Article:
Cultural Life: Niamh Cusack, actress

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The Independent Culture

Theatre: Brian Friel's masterpiece 'Faith Healer' at Bristol's Old Vic is a haunting, mysterious play. Three people telling their version of the same sad story. At Salisbury Playhouse I saw 'The Constant Wife' by Somerset Maugham, a witty period piece about sexual politics. At the Old Vic, I went to see 'A Flea in her Ear', which reminded me of those silent movies with everyone running away from each other at top speed and then bumping into each other anyway...

Visual Arts: I loved Book of the Dead at the British Museum. It was reassuring to think that even 5,000 years ago, we were grappling with what happens in the afterlife. The artistry is sublime. The exhibition was so carefully and lovingly curated. I wandered round with the audio tour ringing in my ears. The curator's accent was a delight in itself: his lovely rolled "r's" as he enunciated "Osiris" and "papyrus".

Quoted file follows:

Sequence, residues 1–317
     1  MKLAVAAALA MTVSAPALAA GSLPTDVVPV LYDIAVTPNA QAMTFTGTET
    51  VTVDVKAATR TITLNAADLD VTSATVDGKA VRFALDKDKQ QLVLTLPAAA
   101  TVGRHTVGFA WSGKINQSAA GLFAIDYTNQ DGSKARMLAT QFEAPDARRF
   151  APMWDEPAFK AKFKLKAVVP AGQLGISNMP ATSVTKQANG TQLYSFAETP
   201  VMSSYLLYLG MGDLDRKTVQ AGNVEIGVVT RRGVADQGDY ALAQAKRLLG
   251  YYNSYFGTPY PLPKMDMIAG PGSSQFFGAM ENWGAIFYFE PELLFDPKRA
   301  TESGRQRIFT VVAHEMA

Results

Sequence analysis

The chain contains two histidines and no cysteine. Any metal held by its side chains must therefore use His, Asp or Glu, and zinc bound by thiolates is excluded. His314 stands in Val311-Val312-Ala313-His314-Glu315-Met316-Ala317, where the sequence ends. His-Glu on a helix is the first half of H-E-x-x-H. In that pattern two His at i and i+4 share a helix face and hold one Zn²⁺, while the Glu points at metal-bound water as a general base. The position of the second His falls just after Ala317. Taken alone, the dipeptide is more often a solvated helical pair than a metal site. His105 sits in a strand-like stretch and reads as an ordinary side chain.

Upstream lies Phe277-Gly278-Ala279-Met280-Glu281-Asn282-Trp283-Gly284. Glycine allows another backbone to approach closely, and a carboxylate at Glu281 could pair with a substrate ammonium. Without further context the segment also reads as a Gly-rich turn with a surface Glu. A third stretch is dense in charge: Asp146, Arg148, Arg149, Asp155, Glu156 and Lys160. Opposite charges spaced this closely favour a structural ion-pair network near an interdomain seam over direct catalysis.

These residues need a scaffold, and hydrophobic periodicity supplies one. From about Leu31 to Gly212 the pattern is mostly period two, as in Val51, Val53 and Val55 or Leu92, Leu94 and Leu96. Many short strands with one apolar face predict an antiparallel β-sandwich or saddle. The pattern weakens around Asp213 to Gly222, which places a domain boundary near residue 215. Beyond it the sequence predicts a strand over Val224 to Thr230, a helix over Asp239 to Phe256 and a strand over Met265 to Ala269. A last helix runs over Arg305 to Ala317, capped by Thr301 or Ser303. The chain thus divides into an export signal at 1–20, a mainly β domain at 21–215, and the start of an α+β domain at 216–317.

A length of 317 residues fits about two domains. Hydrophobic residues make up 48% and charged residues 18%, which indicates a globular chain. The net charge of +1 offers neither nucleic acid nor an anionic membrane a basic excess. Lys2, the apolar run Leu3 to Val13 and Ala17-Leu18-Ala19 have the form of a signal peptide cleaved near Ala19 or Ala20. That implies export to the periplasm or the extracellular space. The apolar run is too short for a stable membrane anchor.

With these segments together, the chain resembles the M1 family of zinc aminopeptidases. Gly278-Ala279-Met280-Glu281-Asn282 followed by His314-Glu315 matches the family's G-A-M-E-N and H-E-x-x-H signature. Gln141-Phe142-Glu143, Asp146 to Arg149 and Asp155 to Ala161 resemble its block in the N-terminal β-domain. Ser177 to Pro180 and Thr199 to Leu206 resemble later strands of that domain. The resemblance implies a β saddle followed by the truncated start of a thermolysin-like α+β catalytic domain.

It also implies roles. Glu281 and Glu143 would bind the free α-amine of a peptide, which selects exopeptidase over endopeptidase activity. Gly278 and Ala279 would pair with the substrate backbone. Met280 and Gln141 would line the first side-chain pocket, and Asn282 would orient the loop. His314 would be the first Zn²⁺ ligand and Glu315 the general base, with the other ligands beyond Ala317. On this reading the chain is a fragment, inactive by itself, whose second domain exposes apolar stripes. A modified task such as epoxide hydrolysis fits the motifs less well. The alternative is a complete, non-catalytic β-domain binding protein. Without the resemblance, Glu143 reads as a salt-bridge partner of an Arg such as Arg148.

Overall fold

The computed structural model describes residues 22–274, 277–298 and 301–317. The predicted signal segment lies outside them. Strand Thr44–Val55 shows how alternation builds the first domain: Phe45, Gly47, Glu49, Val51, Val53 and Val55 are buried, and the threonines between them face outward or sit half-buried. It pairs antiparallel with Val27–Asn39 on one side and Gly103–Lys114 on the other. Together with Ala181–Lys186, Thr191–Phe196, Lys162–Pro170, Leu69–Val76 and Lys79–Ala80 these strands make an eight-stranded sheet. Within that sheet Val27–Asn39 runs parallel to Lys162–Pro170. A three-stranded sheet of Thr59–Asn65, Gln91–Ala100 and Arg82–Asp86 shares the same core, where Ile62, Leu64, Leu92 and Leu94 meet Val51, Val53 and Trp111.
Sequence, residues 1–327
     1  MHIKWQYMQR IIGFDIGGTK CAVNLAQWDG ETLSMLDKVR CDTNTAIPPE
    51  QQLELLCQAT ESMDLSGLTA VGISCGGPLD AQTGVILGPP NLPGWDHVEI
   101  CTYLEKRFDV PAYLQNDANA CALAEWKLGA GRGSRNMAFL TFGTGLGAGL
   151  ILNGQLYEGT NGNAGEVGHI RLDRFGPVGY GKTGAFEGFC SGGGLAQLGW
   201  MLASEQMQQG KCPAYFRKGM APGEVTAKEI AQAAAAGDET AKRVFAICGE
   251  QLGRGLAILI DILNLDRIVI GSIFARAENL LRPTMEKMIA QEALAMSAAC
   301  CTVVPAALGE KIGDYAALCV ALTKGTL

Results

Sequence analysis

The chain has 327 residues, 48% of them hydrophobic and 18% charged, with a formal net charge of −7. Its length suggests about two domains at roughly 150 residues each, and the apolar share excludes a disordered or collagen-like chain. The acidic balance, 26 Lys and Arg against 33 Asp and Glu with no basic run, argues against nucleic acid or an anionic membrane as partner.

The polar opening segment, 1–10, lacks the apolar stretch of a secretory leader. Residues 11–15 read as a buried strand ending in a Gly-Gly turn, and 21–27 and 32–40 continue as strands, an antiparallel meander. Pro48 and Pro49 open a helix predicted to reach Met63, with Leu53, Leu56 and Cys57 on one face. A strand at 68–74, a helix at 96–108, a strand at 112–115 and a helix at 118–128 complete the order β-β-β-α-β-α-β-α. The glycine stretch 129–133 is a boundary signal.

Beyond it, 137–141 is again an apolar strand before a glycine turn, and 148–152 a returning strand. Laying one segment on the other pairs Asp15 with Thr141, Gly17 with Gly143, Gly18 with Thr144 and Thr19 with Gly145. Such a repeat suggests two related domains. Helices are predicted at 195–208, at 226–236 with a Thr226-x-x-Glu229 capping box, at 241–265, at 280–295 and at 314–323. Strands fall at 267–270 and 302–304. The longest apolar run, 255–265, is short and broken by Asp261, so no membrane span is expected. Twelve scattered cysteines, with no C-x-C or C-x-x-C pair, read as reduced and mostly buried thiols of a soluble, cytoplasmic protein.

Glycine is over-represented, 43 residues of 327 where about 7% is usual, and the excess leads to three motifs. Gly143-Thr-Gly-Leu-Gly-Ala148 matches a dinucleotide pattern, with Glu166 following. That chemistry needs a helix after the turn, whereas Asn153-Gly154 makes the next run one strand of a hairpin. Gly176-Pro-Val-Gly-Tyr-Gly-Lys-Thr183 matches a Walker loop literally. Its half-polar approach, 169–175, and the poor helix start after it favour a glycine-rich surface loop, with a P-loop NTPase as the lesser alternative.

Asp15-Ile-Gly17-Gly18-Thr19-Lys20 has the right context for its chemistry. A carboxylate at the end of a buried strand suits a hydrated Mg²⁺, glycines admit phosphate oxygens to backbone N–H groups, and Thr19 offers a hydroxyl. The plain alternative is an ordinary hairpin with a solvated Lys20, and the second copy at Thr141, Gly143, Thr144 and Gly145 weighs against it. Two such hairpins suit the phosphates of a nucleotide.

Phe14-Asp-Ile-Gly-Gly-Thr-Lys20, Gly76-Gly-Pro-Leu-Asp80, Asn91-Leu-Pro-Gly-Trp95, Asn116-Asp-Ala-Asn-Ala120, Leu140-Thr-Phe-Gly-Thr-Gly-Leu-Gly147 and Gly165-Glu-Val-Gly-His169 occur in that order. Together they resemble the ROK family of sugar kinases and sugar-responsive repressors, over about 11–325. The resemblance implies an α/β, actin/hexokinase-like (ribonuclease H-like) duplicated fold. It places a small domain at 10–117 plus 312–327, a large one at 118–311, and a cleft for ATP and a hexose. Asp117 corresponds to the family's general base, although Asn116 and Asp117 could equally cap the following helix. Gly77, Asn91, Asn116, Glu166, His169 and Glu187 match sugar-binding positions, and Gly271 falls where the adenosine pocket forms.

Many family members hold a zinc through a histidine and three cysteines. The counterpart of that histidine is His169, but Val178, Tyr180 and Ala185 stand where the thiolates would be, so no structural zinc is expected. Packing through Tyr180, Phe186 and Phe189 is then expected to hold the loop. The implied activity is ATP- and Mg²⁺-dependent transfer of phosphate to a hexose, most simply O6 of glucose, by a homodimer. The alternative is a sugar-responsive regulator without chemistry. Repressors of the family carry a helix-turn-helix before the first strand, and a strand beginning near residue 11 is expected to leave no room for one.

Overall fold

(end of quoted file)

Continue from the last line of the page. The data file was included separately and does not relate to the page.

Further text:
Films: I loved 'The King's Speech'. I watched an eerie, unsettling film on DVD called 'Lourdes', about a young woman with MS in search of a miracle.

Books: This week, I finished 'Olive Kitteridge' by Elizabeth Strout, which won the Pulitzer prize a couple of years ago. The novel is really a series of short stories about small-town lives, all linked (sometimes tenuously) to Olive, who is an anti-heroine: a big rough diamond of a woman who fights with those she loves best but is unexpected in her compassion and tenderness as well as her fury and frustration. Very fine. I'm reading 'Of Mutability' by Jo Shapcott (above). I love poetry; the way a moment in time, a detail, an emotion is examined, celebrated. And this collection does just that. I don't understand all the poems but I'm sitting with them until I do.

Niamh Cusack performs in 'Cause Célèbre' at the Old Vic, London SE1 (0844 871 7628; 17 March to 11 June